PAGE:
Statistical Analysis

The main comparison assessed the impact of PD and hallucinations on contrast sensitivity. Results from the UM-PDHQ divided participants into the following three goups: (1) currently hallucinating, (2) reported never having hallucinations, (3) and those who hallucinated previously but not within the past month. Preliminary analyses showed that the results did not change when collapsing the group “currently hallucinates” and “previously hallucinated”; thus, a two-way between-groups analysis of variance was conducted to explore the impact of Parkinson’s disease (PD vs no PD) and hallucinations (currently/previously vs never hallucinated) on contrast sensitivity. Chi-square tests of independence were performed to examine potential differences in proportions of PD versus control subjects. All analyses were computed using SPSS (version 17.0).

Figure 1. The contrast sensitivity test stimuli letters. A total of 16 rows of letter triplets were presented to the respondents, with row 1 letter triplet being of highest contrast and row 16 letter triplet being of lowest contrast. Represented from top to bottom are row 1, row 2, row 3, row 9, row 10 and row 11 of the letter triplets.
View this figure


Email invitations were sent to 964 PLM members: 482 with PD and 482 controls (Table 1). At the end of data collection (14 days after email invitation), 269 had completed the study: 153 PD subjects and 116 controls, including 80 patients with amyotrophic lateral sclerosis and 36 with depressive disorder.

Contrast Sensitivity Test

Both groups, participants with PD (mean 1.75, SD 0.35) and the control group (mean 1.85, SD 0.36), showed relatively good CS, and there was no difference between the groups (main effect of Parkinson’s disease, P=.07). Neither the control nor the PD group showed a difference in CS between those who reported and did not report hallucinations (interaction Parkinson’s disease and hallucinations, P=.96).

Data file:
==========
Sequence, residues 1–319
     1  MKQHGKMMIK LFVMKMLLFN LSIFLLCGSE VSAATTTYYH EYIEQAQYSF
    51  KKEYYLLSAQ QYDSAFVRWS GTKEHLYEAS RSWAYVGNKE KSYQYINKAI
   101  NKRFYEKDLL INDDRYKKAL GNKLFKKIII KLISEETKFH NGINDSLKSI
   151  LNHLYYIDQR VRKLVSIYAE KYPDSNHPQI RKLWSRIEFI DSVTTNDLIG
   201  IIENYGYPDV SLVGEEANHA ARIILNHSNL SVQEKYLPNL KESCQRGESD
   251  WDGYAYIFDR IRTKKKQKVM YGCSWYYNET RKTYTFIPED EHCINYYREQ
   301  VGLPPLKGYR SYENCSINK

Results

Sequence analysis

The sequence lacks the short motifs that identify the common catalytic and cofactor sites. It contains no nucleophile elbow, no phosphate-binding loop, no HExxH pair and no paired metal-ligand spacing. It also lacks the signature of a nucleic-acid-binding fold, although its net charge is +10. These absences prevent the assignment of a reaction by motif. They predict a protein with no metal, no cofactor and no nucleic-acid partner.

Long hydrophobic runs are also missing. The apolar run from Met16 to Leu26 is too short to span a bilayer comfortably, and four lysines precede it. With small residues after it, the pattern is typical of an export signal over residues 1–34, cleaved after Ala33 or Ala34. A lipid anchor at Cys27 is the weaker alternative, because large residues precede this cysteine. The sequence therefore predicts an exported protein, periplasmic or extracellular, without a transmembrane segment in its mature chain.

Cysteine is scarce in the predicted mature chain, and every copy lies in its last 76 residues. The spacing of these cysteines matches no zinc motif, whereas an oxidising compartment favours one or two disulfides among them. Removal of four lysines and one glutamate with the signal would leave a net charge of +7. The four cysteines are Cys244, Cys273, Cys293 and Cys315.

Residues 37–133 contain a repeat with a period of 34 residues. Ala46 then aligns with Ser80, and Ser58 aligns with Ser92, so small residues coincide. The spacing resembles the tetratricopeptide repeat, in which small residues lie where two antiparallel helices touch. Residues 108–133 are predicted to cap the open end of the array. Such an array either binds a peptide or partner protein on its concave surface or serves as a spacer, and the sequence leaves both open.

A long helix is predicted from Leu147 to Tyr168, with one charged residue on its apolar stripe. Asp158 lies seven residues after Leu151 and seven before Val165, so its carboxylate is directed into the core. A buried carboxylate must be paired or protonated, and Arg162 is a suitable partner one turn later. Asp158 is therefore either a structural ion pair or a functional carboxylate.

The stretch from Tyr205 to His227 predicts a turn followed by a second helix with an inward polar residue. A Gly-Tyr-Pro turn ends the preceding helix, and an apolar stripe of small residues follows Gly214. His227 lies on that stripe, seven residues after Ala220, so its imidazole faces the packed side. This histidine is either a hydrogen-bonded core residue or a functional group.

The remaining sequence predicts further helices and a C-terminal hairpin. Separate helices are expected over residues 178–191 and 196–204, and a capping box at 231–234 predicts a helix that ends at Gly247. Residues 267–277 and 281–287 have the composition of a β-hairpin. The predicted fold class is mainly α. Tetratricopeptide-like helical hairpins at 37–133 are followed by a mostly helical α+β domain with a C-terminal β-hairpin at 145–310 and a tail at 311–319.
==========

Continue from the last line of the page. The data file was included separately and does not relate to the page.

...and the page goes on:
Data: Online Survey of Hallucinations

As seen in Table 1, 18.3% (28/153) of PD patients and 9% (10/116) of controls reported current visual hallucinations (P=.004). Hallucinations reported by participants with PD included mice, cats, people, distorted faces, furniture or complex patterns. Only 2 of the 10 control subjects reported formed images and the remainder reported seeing lights, vague peripheral images or hallucinations that were related to drug ingestion.

Table 1. Parkinson’s and control group characteristics (N=269).

Parkinson’s disease
Age (years), mean (SD, range)51.8 (10.2, 21-74)61.5 (9.6, 36-86)
Gender, n (%)a

Female70 (60.3)87 (56.9)
Male45 (38.8)64 (41.8)
Contrast sensitivity (score), mean (SD)1.85 (0.36)1.75 (0.35)
Currently hallucinating, n (%)10 (9)28 (18.3)
Previously hallucinated, n (%)16 (13.8)23 (15.0)
Never hallucinated, n (%)90 (77.6)102 (66.7)

aGender not reported by 1 control and 2 PD subjects.

Principal Results